June 27, 2020 | A turmoil has engulfed the faculties of economics at the University of Chicago and Harvard. A German economist was first suspended on accusations of racism in Chicago, then rehabilitated. An article in Harvard’s flagship Quarterly Journal of Economics (QJE) is accused of a colonial attitude. The authors justify themselves.
The article describes how a German economist, Harald Uhlig,caused a vritable shitstorm, fuelled not least by Paul Krugman and Justin Wolfers, Even the former president of the US Federal Reserve and current chair of the American Economic Association, Janet Yellen, demanded publicly that Uhlig be relieved of his role as editor of the prestigious JPE, after Uhlig had made a number of callous remarks and provocative comparisons on his blog and on Twitter about protesters against the violent death of George Floyd and about the Black Lives Matter-Organization.
After a black economics professor tweeted that he had been sitting in Uhlig’s classroom in 2014 when Uhlig had first made derogatory remarks about Martin Luther King and then turned to him in a sarcastic manner to ask whether he might have hurt anyone’s feelings. The next day, the Federal Reserve Bank of Chicago suspended Uhlig’s consulting activities and the Chicagos Flaghip Journal of Political Economy (JPE) temporarily suspended his role as editor. However, on June 22 he was reinstated, after the University had judged that he had done nothing wrong.
A very contentious essay is accepted
Another shitstorm started in parallel on June 15, when QJE announced that the article “Randomizing Religion” had been accepted for publication, The article has been criticized of subliminal racism and a colonial attitude.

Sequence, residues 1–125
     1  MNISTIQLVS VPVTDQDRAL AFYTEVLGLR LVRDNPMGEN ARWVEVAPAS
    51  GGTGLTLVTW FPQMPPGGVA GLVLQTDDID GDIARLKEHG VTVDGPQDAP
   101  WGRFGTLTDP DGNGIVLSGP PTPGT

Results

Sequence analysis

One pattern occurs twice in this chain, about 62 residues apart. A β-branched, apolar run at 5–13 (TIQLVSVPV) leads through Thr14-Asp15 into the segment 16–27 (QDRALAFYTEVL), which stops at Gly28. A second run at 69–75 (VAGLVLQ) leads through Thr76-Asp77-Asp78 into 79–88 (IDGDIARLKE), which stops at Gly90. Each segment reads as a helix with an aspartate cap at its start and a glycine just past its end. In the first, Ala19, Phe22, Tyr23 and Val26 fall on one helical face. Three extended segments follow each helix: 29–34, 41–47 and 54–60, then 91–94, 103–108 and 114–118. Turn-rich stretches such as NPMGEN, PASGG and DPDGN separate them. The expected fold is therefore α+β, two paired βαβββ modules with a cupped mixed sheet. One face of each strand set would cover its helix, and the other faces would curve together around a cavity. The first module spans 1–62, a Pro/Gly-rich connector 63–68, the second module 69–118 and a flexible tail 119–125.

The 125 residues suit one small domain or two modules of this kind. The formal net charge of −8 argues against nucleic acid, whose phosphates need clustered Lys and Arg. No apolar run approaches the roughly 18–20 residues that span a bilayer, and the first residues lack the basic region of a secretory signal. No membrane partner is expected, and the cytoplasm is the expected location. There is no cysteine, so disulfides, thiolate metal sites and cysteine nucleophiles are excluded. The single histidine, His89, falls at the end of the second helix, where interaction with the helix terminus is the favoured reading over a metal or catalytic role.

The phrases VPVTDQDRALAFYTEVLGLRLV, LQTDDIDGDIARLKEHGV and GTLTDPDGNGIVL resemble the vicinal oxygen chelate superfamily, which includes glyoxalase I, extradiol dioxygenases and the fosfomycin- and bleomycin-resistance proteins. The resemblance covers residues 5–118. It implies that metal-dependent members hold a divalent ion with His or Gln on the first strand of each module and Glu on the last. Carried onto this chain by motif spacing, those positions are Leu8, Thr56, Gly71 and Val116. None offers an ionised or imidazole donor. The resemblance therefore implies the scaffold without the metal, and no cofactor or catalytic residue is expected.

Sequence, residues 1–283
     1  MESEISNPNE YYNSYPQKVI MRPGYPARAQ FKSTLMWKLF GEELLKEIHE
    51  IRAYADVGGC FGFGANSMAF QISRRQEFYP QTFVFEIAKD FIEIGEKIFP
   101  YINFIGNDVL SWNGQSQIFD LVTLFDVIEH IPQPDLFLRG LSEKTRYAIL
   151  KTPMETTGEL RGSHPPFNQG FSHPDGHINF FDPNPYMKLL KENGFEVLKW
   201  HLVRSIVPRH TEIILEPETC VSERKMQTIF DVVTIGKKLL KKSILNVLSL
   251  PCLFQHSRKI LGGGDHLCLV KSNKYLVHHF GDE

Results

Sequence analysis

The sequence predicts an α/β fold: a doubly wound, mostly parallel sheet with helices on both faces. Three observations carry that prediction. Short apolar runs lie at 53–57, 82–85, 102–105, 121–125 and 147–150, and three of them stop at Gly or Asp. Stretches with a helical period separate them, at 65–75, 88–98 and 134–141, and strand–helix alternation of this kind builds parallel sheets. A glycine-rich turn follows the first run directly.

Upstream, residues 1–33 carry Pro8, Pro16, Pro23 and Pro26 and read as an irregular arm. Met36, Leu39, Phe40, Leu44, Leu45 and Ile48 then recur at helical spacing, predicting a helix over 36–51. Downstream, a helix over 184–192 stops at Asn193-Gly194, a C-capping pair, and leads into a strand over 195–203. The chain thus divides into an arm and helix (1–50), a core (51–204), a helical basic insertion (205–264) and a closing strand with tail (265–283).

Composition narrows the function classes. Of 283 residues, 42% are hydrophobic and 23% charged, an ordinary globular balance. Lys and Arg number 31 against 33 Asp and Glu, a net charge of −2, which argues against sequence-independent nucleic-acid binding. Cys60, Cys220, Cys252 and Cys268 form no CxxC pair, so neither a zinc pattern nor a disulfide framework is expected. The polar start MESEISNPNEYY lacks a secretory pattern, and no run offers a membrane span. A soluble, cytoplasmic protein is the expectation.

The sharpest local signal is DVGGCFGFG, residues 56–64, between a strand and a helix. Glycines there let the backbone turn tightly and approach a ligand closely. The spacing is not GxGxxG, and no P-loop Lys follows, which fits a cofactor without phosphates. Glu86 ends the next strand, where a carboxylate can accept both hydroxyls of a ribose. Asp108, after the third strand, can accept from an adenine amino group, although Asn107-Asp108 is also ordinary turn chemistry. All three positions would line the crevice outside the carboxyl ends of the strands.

The paper describes a so-called randomized controlled trial (RCT), a field experiment, conducted with particularly poor people in the Philippines. The selected, mostly Catholic Filipinos were randomly divided into different groups. One subgroup was invited to enjoy the full program of a missionary evangelical organization. Others were offered either only the religious education part, the health and practical skills part, or no program at all.
By comparing the results, the researchers wanted to find out whether Protestant faith education is suitable for strengthening grit and willingness of poor people to work hard and thus alleviate poverty.
Merely the notion that missionary conversion is a legitimate approach to increasing the incomes of the very poor is insulting.
The authors found that six months after the end of the program, the subjects “treated” for missionary work had a slightly higher income than members of the respective comparison groups. Consumption levels, food security, work performance and life satisfaction were not higher, and the perceived own socioeconomic status was even lower than that of the test persons who were not receiving faith education.